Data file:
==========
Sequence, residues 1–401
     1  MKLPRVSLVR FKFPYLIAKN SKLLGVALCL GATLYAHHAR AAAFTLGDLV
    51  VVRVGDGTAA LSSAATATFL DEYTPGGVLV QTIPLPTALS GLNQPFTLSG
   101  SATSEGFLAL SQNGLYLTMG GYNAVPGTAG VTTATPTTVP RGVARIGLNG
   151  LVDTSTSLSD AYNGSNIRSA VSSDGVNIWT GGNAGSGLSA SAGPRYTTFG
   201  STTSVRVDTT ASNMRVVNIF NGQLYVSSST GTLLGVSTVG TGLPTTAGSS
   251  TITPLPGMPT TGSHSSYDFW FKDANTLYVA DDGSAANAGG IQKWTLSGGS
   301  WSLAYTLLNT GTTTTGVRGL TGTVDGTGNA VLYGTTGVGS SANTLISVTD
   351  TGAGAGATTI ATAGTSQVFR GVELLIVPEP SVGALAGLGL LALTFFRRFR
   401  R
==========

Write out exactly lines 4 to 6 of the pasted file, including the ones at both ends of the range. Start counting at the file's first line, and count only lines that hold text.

   101  SATSEGFLAL SQNGLYLTMG GYNAVPGTAG VTTATPTTVP RGVARIGLNG
   151  LVDTSTSLSD AYNGSNIRSA VSSDGVNIWT GGNAGSGLSA SAGPRYTTFG
   201  STTSVRVDTT ASNMRVVNIF NGQLYVSSST GTLLGVSTVG TGLPTTAGSS